This is sort of a perfectionist perspective. Search engines use the same “gamification” and suffer the same problems you’re “predicting” but that doesn’t mean you don’t use search. It does mean it’s an arms race between the engine and the abusers. Weighting the agents instead of the content is no different than a popularity contest and is essentially an “appeal to authority” (or a lot like cancel culture). Just because someone has weird opinions about X doesn’t mean they can’t be brilliant about Y. If you ranked the content then their X content can sink and their Y content can rise. The problem with Twitter, etc. is that their incentives are not as aligned with their users’ goals as we would like. Probably the best part about blogging was that it wasn’t centralized and so wasn’t subject to one person’s definition of what those trade-offs should be. But, of course, now we’re trying to discuss fixing one of its weaknesses without losing too many of its strengths.

> If you want to build trust it has to work on the agents producing the content...

LinkLonk's algorithm works that way. It builds trust in sources of information (including users who rate content). And it does not and will not try to understand the individual pieces of content.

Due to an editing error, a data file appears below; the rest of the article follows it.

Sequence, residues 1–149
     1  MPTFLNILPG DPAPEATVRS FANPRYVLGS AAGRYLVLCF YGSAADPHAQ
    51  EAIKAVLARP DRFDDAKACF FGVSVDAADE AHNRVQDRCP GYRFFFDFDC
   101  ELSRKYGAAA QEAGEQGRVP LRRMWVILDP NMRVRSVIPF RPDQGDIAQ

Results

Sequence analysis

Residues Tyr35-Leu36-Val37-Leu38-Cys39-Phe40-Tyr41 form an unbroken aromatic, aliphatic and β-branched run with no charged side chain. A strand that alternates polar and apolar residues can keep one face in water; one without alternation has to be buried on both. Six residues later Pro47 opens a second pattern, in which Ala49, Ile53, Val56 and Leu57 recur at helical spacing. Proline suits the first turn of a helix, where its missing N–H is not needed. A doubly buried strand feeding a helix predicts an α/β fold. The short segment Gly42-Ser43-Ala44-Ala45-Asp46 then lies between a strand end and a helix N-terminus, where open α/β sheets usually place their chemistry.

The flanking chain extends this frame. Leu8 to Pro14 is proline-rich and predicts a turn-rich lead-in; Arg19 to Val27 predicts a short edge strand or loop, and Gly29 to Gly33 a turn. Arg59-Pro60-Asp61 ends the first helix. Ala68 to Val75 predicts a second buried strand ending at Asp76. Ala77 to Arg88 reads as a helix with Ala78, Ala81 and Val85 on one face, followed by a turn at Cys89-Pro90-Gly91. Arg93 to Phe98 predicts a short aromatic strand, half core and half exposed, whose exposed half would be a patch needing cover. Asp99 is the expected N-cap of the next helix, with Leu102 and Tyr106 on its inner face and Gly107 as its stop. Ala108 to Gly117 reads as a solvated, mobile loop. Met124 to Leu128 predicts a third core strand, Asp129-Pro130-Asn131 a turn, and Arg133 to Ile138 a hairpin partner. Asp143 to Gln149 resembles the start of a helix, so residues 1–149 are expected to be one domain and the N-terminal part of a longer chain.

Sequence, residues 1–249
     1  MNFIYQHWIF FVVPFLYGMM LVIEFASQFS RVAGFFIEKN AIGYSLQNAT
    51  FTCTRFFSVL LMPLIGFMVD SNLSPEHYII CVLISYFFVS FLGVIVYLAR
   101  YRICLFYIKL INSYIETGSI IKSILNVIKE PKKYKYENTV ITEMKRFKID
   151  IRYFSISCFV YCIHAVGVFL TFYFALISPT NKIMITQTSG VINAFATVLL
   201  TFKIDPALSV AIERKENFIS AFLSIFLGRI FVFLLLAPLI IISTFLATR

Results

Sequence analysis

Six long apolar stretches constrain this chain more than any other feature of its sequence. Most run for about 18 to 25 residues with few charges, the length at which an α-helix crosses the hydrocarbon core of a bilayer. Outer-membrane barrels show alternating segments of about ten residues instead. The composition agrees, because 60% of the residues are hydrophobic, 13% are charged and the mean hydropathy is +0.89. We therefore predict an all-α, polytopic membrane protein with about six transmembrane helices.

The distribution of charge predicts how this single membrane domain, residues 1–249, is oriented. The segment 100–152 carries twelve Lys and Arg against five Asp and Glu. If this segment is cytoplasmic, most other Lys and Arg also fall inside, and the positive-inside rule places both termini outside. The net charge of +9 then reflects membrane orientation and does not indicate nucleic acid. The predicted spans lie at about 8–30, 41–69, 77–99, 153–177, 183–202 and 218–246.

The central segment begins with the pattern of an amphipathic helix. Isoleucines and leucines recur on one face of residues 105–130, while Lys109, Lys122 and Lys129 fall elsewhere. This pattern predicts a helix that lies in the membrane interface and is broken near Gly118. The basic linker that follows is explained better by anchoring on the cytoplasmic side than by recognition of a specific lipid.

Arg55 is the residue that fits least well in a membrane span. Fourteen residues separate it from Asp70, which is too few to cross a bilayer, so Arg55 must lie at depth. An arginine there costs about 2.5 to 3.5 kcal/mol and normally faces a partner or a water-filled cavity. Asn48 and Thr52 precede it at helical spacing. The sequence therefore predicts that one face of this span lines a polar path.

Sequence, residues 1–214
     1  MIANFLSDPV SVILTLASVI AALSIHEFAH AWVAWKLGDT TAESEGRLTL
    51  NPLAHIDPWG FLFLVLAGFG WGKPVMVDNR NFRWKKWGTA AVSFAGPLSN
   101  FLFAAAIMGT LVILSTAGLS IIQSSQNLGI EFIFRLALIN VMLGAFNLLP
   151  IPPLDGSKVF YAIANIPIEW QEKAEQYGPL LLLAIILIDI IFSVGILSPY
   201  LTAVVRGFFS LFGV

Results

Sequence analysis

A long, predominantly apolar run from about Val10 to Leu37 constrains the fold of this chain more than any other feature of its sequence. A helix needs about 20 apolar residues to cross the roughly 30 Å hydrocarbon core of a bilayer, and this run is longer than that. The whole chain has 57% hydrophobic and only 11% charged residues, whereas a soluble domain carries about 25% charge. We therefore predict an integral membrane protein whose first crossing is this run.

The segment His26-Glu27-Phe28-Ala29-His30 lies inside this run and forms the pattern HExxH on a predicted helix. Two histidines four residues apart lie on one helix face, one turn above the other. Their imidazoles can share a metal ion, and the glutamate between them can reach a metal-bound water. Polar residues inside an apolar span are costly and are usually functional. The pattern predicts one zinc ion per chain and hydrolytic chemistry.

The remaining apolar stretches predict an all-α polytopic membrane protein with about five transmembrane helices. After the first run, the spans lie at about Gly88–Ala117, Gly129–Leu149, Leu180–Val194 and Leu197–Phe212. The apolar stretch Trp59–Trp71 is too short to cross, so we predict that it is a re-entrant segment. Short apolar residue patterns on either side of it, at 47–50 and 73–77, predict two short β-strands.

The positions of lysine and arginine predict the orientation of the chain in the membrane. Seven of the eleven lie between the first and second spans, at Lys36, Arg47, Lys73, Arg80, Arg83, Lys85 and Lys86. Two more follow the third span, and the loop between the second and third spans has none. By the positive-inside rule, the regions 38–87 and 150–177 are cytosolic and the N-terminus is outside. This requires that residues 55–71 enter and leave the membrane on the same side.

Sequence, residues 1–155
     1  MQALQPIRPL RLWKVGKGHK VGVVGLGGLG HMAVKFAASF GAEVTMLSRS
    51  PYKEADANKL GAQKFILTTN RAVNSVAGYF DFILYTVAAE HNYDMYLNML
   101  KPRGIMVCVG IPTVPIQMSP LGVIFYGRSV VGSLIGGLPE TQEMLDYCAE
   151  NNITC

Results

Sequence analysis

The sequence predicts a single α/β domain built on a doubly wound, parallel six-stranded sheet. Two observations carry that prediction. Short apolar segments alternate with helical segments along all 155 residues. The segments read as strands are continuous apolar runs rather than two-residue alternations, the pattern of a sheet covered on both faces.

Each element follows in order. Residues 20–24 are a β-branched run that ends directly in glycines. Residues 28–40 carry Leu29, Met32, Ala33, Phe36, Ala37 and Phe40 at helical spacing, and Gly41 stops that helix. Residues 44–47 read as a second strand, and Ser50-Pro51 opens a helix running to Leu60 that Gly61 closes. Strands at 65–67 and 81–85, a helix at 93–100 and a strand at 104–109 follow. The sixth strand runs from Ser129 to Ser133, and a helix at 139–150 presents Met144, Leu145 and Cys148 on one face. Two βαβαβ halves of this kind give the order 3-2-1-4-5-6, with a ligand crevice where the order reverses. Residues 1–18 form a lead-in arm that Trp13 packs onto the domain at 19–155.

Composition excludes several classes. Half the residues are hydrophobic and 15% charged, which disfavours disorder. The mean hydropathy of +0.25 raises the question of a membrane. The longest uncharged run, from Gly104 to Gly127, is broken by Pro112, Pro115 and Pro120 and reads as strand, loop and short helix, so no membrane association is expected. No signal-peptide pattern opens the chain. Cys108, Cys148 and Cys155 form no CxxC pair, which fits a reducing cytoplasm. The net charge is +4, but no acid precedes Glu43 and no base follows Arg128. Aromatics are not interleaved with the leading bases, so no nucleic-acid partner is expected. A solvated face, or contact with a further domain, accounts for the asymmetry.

Unlike the social media feeds that are powered by black box neural networks, LinkLonk's algorithm is transparent. You know how your interactions with it will be interpreted. I hope that this transparency will help build trust in the system and in the sources of information you are connecting to.

Yes, bad actors will try to game any system to gain the attention that they don't deserve. I'm not claiming that LinkLonk is game-proof, but I think it has better feedback loops and incentives than other systems such as popularity based ranking (please don't take it as a challenge).

I used to hate canned tuna in the past but I love it now!! Your mechanism doesn't account for this!

Your connections to feeds and other users on LinkLonk evolve over time as you rate content. If you start upvoting tuna-related content then LinkLonk will connect you to other tuna lovers and your connections will gradually "forget" your past hate for it.